Published using Google Docs
Wireless Arduino Tutorial
Updated automatically every 5 minutes

Out of the box, two Xbees are able to pair up and send data wirelessly. However, at this workshop, there will be more than one pair of Xbees, so you will have to configure them to send data over their own network.

The Boring Bit: Configuration

Download Moltosenso’s Iron: 

This app would allow you to configure an Xbee module. Now to hook up your Xbee to your computer, use the Sparkfun Xbee Dongle:

Attach an Xbee module onto this board and make sure the shape of the Xbee matches the printed outline. Then plug the whole thing into your computer’s USB port:

Open Iron and press “Scan” at the bottom of the window. The Sparkfun board should be recognized as tty.usbserial. Make sure “Flow Control” is set to None:

Now press “Open Port” and you should see something like “XBEE PRO...” listed under “Detected Devices.” Click that and then click “Node Settings” near the top of the window. Now click whatever is listed under “Module Selection.” Under “Parameters” look for “ID” under “Networking & Security” and type in your unique number between 0 and 65535 in the text bar on the right:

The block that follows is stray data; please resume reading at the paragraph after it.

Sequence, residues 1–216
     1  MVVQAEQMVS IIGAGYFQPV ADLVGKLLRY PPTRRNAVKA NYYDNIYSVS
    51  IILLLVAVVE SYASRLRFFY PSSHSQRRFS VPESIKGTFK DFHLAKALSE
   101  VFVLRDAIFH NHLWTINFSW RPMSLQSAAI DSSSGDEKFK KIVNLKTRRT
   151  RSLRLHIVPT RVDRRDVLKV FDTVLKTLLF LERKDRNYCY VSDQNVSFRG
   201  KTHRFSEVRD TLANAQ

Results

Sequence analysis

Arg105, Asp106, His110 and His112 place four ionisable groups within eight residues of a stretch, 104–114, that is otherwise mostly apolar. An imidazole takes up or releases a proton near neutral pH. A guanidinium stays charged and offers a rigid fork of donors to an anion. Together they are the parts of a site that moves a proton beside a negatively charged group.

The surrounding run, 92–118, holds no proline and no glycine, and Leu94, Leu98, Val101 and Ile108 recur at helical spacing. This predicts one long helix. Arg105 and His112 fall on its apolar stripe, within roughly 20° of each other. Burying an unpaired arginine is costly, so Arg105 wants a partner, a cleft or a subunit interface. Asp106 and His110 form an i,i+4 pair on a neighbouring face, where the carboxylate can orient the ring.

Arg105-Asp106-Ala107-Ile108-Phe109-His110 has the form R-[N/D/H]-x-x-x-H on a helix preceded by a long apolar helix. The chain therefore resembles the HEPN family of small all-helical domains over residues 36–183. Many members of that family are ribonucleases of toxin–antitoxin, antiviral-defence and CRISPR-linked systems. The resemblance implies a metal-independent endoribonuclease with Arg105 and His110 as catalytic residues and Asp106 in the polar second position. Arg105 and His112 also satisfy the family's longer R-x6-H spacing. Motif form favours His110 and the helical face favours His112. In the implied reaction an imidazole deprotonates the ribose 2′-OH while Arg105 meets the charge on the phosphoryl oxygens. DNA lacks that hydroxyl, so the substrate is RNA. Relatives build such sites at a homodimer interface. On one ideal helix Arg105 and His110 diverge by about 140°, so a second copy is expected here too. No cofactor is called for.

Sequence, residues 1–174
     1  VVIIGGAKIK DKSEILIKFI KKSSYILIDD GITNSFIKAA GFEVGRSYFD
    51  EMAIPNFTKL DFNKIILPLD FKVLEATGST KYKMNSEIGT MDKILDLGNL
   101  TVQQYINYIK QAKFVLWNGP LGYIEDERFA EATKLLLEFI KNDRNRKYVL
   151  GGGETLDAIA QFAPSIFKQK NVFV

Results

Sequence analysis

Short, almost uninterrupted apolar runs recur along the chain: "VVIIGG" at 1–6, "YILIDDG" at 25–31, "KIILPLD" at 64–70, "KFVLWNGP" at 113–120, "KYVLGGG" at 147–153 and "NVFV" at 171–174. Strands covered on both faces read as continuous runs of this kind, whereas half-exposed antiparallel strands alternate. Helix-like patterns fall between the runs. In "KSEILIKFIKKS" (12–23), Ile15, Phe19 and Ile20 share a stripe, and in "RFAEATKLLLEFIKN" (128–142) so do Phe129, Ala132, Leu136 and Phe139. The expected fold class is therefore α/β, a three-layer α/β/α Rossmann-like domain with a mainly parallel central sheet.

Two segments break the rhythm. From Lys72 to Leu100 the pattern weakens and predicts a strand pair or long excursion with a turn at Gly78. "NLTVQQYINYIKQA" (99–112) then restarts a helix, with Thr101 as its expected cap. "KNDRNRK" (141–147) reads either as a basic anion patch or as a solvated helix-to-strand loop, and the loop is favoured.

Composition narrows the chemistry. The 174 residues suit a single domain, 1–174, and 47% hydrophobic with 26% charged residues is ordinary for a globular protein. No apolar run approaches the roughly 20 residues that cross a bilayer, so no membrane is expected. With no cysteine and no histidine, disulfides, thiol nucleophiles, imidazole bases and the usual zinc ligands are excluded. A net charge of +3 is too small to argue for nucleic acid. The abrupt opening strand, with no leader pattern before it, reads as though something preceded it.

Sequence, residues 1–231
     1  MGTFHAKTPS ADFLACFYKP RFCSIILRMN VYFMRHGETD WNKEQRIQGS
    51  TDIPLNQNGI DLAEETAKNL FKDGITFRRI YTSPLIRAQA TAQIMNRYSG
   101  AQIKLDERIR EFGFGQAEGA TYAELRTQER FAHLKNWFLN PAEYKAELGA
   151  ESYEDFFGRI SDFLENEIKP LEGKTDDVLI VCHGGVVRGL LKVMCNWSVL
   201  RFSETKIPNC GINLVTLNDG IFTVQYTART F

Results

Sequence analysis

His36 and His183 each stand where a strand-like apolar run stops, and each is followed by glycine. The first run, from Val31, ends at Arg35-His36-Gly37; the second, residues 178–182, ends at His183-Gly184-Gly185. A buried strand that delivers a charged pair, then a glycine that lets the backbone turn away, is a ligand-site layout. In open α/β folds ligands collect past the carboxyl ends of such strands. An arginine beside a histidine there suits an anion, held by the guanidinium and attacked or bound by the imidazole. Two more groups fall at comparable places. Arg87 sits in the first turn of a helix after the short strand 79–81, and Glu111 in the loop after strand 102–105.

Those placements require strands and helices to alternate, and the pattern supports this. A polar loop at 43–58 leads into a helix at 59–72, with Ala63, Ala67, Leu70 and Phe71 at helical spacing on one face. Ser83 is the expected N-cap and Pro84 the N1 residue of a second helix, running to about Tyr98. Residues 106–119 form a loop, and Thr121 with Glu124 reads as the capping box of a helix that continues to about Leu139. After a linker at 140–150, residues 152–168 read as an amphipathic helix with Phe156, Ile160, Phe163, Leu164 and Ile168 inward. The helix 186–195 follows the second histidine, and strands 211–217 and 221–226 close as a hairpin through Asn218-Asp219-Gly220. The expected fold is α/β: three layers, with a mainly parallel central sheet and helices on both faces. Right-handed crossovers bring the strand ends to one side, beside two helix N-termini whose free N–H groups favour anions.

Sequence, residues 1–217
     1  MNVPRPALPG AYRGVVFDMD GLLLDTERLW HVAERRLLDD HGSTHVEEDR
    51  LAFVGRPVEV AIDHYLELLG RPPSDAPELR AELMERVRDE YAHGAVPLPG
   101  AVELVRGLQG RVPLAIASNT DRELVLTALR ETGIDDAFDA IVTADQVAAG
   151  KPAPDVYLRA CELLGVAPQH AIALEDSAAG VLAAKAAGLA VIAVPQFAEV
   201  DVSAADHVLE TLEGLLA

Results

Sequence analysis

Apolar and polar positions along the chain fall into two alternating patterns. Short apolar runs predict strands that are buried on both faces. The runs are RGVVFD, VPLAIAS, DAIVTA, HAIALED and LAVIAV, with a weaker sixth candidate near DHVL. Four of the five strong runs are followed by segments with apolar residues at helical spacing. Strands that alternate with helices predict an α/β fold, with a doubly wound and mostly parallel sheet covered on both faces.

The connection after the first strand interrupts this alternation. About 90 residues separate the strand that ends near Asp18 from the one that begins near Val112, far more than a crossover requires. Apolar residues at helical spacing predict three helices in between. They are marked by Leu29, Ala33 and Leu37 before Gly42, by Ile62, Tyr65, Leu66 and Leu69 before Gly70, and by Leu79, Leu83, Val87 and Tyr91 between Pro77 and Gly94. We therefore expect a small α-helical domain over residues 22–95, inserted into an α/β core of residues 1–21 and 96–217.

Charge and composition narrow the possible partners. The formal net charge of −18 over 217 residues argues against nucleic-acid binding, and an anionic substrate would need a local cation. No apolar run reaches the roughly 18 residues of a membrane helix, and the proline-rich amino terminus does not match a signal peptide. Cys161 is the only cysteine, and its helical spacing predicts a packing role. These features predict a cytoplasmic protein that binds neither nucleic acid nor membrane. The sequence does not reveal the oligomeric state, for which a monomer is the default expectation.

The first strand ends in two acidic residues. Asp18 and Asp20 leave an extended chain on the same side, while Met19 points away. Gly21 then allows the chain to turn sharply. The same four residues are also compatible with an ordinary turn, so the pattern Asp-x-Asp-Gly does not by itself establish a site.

Click “Set” and click “Write Permanently” and then return to “Port Setup” to close the port.

Now repeat this for the other Xbee module.

Now you’re ready to wirelessly communicate!

Simply Serial

Now to interface our Arduino with the Xbee. First let’s set up the code, upload the following sketch into your Arduino:

void setup(){



void loop(){



As you noticed, all it takes to communicate wirelessly is printing a string over Serial! You’ve probably done this before when having the Arduino communicate with the computer via USB. Well the Xbees acts like a wireless USB connection. The cool thing is, not only can you communicate with computer wirelessly, but other Arduinos as well!

Back to the hardware world, hook up one Xbee Dongle to the computer and plug the Wireless Proto Shield into your Arduino and then plug in one of your Xbee module on top of the shield. Again, make sure the shape of the Xbee matches the outline printed on the board.

Power the Arduino and you should see a green light turn on the Xbee Dongle. That’s the RSSI light, it means your Xbees are paired and sending/recieving data wirelessly. Open the Serial Monitor in your Arduino app (make sure you have the correct port selected) and you should see “Hi!” flooding the window.

Now you’re ready to make some wireless gadgets!


Since all we’re doing is sending data as Strings, anything is possible. Here are some ideas to get your creative juice flowing:

To learn more: